La Clinica De Familia Early Head Start’s vision is that, “ALL children, birth through five, become an integral part of inclusive educational and social environments driven by integrated services through dedicated partnerships with families and community systems.” The team has expanded from six members to over 40 members, broadening their partnerships to include families, several Head Start programs, early intervention and preschool programs, university faculty, and other community partners. Together, they hold a strong passion and commitment to children and families. They have incorporated ongoing learning about the SpecialQuest approach and materials in their meetings and have used their networking to secure joint funding for other collaborative early childhood efforts.

 

Both Community Teams are recognized as models for extending this work into other communities.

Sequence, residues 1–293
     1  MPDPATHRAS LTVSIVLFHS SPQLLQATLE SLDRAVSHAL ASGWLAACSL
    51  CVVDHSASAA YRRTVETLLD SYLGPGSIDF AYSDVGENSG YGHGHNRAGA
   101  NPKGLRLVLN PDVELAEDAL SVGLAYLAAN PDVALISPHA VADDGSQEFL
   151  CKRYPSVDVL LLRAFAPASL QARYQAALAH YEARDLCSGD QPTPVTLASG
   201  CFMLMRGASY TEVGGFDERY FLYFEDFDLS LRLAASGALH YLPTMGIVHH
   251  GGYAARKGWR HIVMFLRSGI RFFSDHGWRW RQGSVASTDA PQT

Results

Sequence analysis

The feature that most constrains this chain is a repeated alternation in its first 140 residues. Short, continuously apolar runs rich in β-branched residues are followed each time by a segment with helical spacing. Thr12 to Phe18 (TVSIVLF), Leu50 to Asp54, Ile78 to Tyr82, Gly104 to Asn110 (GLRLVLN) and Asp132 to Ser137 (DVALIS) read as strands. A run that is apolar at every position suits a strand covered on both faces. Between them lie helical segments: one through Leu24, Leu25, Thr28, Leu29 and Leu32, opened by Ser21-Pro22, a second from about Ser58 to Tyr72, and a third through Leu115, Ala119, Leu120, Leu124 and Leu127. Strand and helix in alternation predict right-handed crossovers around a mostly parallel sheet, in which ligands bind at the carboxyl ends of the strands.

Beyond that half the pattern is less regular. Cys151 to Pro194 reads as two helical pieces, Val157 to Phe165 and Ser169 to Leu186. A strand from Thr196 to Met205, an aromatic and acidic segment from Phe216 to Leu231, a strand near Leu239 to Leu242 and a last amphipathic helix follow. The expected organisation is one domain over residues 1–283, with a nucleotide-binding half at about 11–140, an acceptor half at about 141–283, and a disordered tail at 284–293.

The State Leadership Team has developed several new action plans:

 

 

The State Leadership Team will continue to use the SPIP and action planning processes to guide their work and are considering other ways technology might support team participation. The State Leadership Team anticipates there will be new action plans written in the same focus areas of policy, training, and evaluation. They have also explored bringing new families and providers on board, cross-systems funding, and shared leadership to continue their collaborative efforts. One team member shared, “We really like one another and we’d really miss this if we weren’t continuing to work together.”

 


 

State Highlights 04/01/09 to 01/31/10

The New Mexico State Leadership Team currently has 25 members. New Mexico is working with the National Professional Development Center on Inclusion (NPDCI) and SpecialQuest, and their State Leadership Team represents both initiatives.

 

The New Mexico team is focusing on four major goal areas:

  1. Impact Policy and Funding Mechanisms;
  2. Communicate Principles of Inclusion through Dissemination of Information;
  3. Develop and promote statewide coordinated training on inclusion for young children (0–5) and families; and
  4. Develop and promote statewide coordinator training on inclusion for young children (0–5) and families.